It will be Valentine’s Day on Wednesday, when many people spend much time, effort and money declaring and celebrating their love for each other.
People do all sorts of things to mark it. Flowers, chocolates and meals out are the usual ways of getting the message across, and some couples go a step – or two – further. But if bungee-jumping, skywriting and spelling out ‘I love you’ in hay bales beside the A1(M) aren’t your style, maybe you should book a house viewing.
But it can’t be any old house – you’ve got to find a romantic property that your significant other can really imagine sharing with you. After all, you will be there with a view to buying.
If all this sounds like a rather extreme way of marking February 14, don’t worry – we’ve already got the ball rolling for you by finding you some romantic properties ourselves.
Now all you have to do is take a look around, get a mortgage, sell any property you may already own, book the removal people and move in. Couldn’t be simpler.
First on the romantic viewing roster is Dougill Hall, a stunning country house dating from 1722. The main house has six bedrooms, two bathrooms, a study, breakfast kitchen, three reception rooms, and boiler room/workshop.
Adjoining it is The Old Cooling House, a one-bedroom cottage (dated 1696) with sitting room, kitchen and bathroom. It is currently registered as a separate dwelling under business use, but is included as part of the sale. There’s further development potential below, with a lower level of the building currently used as a tack room and store.
Beyond, there are gardens to the front, bordered by a stream and small paddock. A substantial traditional stable block leads on into paddock land of around four acres.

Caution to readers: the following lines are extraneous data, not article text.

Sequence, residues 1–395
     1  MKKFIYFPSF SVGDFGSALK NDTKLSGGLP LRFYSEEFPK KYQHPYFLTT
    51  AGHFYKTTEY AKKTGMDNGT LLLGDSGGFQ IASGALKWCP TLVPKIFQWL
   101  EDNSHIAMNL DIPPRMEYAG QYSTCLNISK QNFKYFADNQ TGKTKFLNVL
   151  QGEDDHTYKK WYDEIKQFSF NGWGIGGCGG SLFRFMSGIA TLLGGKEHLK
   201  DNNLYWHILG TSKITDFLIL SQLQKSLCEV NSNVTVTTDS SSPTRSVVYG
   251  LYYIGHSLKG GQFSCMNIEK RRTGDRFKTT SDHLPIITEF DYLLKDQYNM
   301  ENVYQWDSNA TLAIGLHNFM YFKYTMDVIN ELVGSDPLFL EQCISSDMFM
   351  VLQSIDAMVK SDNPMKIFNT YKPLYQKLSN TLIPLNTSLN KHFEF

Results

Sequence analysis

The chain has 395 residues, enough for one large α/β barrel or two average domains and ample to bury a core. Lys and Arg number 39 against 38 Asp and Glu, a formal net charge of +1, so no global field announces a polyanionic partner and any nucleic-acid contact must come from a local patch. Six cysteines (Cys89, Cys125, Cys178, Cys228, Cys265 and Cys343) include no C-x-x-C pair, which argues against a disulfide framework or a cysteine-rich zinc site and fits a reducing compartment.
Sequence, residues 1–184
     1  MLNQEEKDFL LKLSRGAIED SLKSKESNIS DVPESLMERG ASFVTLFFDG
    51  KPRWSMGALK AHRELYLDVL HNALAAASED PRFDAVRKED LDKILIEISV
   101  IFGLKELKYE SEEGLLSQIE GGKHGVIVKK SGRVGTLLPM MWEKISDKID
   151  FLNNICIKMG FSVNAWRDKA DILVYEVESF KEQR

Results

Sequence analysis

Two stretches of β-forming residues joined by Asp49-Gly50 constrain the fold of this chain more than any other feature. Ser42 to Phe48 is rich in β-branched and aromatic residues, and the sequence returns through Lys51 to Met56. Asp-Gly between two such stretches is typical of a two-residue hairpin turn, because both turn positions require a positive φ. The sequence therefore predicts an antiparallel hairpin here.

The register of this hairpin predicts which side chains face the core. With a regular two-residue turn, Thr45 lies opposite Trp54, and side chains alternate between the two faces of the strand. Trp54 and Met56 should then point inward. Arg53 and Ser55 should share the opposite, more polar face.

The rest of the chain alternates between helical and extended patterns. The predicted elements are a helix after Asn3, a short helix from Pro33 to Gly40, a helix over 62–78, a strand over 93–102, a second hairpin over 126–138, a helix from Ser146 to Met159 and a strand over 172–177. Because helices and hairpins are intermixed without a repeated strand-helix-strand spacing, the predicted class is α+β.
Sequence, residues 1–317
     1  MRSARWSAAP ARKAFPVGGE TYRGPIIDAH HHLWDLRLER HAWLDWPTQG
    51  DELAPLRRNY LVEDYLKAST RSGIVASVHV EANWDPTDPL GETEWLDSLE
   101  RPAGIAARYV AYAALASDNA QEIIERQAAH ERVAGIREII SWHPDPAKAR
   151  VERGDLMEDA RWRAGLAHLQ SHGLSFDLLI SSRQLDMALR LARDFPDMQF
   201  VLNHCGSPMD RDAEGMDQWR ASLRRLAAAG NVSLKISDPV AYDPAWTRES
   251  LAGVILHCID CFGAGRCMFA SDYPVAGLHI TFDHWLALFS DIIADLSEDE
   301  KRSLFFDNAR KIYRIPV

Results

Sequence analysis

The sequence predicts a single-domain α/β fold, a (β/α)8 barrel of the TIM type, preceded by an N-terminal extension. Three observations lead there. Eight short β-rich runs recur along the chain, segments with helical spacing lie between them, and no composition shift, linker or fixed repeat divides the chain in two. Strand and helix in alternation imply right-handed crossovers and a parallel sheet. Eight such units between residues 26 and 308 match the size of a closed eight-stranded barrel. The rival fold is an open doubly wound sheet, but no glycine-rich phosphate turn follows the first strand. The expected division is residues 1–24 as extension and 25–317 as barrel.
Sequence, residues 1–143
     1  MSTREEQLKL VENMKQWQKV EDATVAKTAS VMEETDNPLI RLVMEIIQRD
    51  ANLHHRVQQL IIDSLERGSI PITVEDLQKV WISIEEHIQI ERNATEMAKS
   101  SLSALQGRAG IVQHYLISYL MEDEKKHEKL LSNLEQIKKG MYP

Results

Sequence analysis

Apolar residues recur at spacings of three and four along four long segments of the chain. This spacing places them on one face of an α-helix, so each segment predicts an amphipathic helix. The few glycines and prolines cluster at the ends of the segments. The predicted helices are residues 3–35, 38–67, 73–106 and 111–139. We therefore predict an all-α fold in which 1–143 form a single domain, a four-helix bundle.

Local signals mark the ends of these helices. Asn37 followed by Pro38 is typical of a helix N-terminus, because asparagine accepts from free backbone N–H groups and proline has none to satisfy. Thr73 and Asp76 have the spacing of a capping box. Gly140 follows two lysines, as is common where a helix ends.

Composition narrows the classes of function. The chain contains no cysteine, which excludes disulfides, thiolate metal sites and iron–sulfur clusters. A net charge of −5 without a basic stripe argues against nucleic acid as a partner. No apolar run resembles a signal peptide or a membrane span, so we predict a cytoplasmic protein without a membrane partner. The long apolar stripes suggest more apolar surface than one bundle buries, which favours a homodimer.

Currently in a part-refurbished state, it will need some more investment. That may take some financial commitment to do it to the standard required of a Grade II* listed building, but with such a fabulous home it should – appropriately enough – be a labour of love.
Romantic for similar reasons, the Grade II-listed Cruck Barn dates back to around 1560 and is believed to be the oldest house in Fearby, just west of Masham.
Whether it is or not, it must surely be the most atmospheric. Using a technique thought to have evolved in Anglo-Saxon times, it has full-size three-bay crucks – internal timber A-frames – and has retained its full height inside, as well as its exposed stone walls.
It’s been converted into a two-bedroom house by the current owners, but while there’s some work yet to do – there’s a huge amount of attic space to make use of – it’s mostly cosmetic.
Finally, Lodge Cottage is an extended cottage in Staveley, between Knaresborough and Boroughbridge. It has three bedrooms, bathroom, two reception rooms and large, open-plan dining room and kitchen, which opens onto the enclosed back garden. There’s a garden to the front too, as well as ample off-street parking.
The house also backs onto Staveley Nature Reserve, 84 hectares of a shallow lagoon edged with reedswamp, fen and flower-rich grassland – the perfect place to enjoy a romantic walk.